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This Week’s Links: From the March for Science to the Climate March

April 29th, 2017 | Posted by Amanda Starling Gould in weekly_links

March for Science (April 22, 2017): Why They March: “Science and Scientists Are Now Under Attack” via The Intercept

Marching Scientists Will Have A Lot In Common With Angry ’70s Farmers via FiveThirtyEight

Our Climate Future is Actually Our Climate Present via NYTimes

16 Great* Things That Came Out Of Trump’s First 100 Days via Good Magazine

Did you catch Jon Jarvis, a forty-year veteran of the National Parks System (NPS), this week at Duke? You can watch his talk here:

Geoengineering plastic-eating bugs sounds brilliant, right? Not so fast: Plastic-eating bugs? It’s a great story – but there’s a sting in the tail via The Guardian

Caterpillars that can munch up plastic bags have just been identified, fuelling excited speculation that this could one day eliminate global pollution from plastic waste. The chance discovery, initially made by a scientist and amateur beekeeper whose plastic bag had been eaten through by the moth caterpillars, was reported this week by researchers at Cambridge University and the Spanish National Research Council. How thoughtful of nature to provide bugs that eat our rubbish. Is this the end of landfill, turtles with plastic-congested stomachs, and trees adorned with tattered ribbons of shopping bags Well, it’s never that simple, is it?…Breeding wax moth caterpillars to devour our waste sounds good. But they would attack bee colonies too, and ultimately put crops at risk”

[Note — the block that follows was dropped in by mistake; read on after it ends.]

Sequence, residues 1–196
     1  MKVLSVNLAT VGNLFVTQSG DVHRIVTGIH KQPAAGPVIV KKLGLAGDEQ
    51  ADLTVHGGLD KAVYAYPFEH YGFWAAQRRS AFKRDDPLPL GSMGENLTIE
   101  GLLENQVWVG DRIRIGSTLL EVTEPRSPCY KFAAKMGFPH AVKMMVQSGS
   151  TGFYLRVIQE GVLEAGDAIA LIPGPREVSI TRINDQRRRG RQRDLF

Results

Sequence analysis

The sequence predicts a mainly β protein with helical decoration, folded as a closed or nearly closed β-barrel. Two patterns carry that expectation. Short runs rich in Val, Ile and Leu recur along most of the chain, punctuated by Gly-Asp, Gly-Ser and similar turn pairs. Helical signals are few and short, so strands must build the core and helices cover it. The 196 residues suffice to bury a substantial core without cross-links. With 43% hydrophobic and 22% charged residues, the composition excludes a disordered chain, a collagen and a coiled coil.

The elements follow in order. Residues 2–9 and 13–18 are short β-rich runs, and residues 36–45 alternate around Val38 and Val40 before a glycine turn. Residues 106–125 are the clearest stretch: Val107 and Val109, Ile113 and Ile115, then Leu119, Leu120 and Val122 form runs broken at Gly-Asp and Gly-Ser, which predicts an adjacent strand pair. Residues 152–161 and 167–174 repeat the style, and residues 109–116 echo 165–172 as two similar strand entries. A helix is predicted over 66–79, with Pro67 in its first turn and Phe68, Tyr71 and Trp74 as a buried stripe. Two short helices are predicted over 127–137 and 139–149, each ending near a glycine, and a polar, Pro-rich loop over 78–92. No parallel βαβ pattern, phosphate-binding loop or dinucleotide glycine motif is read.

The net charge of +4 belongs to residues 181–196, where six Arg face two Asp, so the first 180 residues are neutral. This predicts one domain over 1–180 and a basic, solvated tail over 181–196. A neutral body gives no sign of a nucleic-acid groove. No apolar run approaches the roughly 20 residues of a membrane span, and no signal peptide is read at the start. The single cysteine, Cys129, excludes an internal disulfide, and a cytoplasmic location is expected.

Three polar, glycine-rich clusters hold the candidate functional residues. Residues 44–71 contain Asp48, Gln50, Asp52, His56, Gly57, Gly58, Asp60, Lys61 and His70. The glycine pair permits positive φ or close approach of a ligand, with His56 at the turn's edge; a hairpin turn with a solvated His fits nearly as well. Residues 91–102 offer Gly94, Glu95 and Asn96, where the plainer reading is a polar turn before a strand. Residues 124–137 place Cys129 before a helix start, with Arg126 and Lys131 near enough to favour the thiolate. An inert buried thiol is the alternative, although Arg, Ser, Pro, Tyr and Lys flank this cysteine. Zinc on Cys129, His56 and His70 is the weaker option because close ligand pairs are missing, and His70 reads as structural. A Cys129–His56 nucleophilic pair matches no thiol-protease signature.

Berlin has public refrigerators to reduce food waste and combat hunger! But…the government might shut them down: Berlin’s Public Refrigerators Were Just Declared a Health Hazard via The Atlantic CityLab

Remember the Sustainia Solutions Explorer? Now there’s a Sustainia Global Opportunity Explorer!

Because we love literature: Jeff VanderMeer & Cory Doctorow Discuss the Future of Sci-Fi & the World via Electric Lit

Climate March (April 29, 2017): We owe our planet this climate march. But we also owe it – very faint – hope by Bill McKibben via The Guardian

Happy Marching!

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